The neologism Ecocide can be used to refer to any large-scale destruction of the environment. [Random House (2006) "Unabridged Dictionary" ] An early reference in 1969 described it as "Ecocide - the murder of the environment - is everybody's business." [ Encyclopedia Science Supplement 1969 ] The term was also used in relation to environmental damage due to war such as the the use of
defoliants in the Vietnam War. [Modern warfare equals environmental damage. USA Today Magazine, January 2008, Vol. 136 Issue 2752, p6-6,] Ecocide is also a term for a substance that kills enough species in an ecosystemto disrupt its structure and function. [cite book
last = Cunningham
first = W
coauthors = et al
title = Environmental encyclopedia
publisher = Gale
date = 1998
location = Detroit
isbn = 0-8013-9314-X ] An example would be a high concentration of pesticide due to a spillage.
Many, for example the U.S. environmental theorist and activist Patrick Hossayin Unsustainable A Primer for Global Environmental and Social Justice, Zed Books: London, 2006,see 'Ecocide' and 'Toxic Planet', pp. 22-34.] believe that the human species is committing ecocide, via industrial civilization's effects on the global environment. Much of the modern environmental movement stems from this belief as a precept. CriticsWho|date=May 2008 of the belief in ecocide usually assert that human impacts are not sufficiently serious as to threaten the Earth's ability to support complex life.
A weaker definition of ecocide is that in which an
organismdestroys ecosystems other than its own. (e.g. cancer). For example, it could be said that during the Precambrianera, blue-green algae committed ecocide upon the prevailing reducing-chemistry-based ecology, by releasing oxygen into the environment. Organisms to which oxygen was a poison, died off, while the algae and other organisms adapted to and created a new oxidation-chemistry-based ecology.
According to this interpretation, humankind may be committing ecocide upon various ecological systems around the world, but the 'deaths' of these minor ecosystems do not materially impact our own survival. In this view, ecocide (of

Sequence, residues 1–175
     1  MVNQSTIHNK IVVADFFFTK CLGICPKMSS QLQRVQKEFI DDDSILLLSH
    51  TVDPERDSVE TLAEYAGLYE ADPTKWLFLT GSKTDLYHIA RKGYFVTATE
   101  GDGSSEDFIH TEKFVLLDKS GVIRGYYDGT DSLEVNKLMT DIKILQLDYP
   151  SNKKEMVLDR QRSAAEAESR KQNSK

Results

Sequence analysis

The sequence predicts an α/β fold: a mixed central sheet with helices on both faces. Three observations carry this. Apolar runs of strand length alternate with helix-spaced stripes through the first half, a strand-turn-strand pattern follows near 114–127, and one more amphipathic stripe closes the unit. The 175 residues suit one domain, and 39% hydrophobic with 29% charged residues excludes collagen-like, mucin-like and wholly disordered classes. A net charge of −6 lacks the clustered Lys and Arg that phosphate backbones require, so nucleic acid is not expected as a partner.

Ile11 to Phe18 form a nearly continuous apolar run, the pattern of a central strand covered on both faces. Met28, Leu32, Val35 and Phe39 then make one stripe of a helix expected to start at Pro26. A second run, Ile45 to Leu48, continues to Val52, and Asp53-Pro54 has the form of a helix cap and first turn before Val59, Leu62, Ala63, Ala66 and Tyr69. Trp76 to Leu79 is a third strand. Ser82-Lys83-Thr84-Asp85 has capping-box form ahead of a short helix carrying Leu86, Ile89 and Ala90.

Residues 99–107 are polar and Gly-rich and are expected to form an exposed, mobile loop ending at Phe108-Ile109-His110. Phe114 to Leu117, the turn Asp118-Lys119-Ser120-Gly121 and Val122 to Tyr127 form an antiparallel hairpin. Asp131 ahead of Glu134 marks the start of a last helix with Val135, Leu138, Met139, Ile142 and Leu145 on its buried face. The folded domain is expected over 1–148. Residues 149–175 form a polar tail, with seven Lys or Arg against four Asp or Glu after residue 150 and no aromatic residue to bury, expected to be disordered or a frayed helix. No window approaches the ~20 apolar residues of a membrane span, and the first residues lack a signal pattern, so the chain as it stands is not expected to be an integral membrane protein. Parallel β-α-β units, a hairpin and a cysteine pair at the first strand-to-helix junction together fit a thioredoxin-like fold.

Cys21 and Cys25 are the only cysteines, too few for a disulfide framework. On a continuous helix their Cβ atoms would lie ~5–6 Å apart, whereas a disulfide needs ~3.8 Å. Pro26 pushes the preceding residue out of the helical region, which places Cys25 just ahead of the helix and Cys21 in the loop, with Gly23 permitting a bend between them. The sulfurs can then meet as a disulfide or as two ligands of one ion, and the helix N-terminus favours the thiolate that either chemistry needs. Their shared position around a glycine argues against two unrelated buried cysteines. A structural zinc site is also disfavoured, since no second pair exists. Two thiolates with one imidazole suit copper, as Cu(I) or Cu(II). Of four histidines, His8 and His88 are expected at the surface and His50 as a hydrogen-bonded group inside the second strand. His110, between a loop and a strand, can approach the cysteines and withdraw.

rainforests, coral reefs, the polar pack ice, island habitatzones, etc.) may be regrettable aesthetically or morally but not materially and economically.
At the heart of the ecocide issue are practical and moral questions: is human activity destroying the ecological support system for our own survival (is global ecocide actually happening)?
List of environmental issues
last = Franz
first = Broswimmer
title = Ecocide: A Short History of Mass Extinction of Species
publisher = Pluto Press
date = 2002
isbn = 0745319343
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écocide — [ ekosid ] n. m. • 1972; de éco(logie) et cide ♦ Didact. Destruction méthodique de la flore et de la faune. écocide n. m. ECOL Destruction systématique du milieu naturel. écocide [ekɔsid] n. m. ÉTYM. 1972; de éco o … Encyclopédie Universelle
Ecocide — Écocide Un écocide est un acte de destruction d un écosystème, notamment par l exploitation excessive de celui ci dans le but de subvenir à d autres processus ou systèmes (écophagie). Par exemple, l assèchement de la mer d Aral est due aux… … Wikipédia en Français
ecocide — ☆ ecocide [ē′kō sīd΄, ek′ōsīd΄ ] n. [ ECO + CIDE] the destruction of the environment or of ecosystems, as by the use of defoliants or the emission of pollutants ecocidal adj … English World dictionary
Écocide — Un écocide est un acte de destruction d un écosystème, notamment par l exploitation excessive de celui ci dans le but de subvenir à d autres processus ou systèmes (écophagie). Par exemple, l assèchement de la mer d Aral est due aux prélèvements… … Wikipédia en Français
ecocide — noun Etymology: eco + cide Date: 1969 the destruction of large areas of the natural environment especially as a result of deliberate human action • ecocidal adjective … New Collegiate Dictionary
ecocide — ecocidal, adj. /ek euh suyd , ee keuh /, n. the destruction of large areas of the natural environment by such activity as nuclear warfare, overexploitation of resources, or dumping of harmful chemicals. [1965 70, Amer.; ECO + CIDE] * * * … Universalium
ecocide — noun The complete destruction of an ecosystem due to human activities. It may result from exploitation of resources, nuclear warfare or the dumping of harmful chemicals. See Also: ecophagy … Wiktionary
ecocide — destruction of the environment Killing and Killers … Phrontistery dictionary
ecocide — eÂ·coÂ·cide || iËkÉ™ÊŠsaÉªd n. destruction of the environment … English contemporary dictionary
ecocide — noun destruction of the natural environment, especially when wilfully done … English new terms dictionary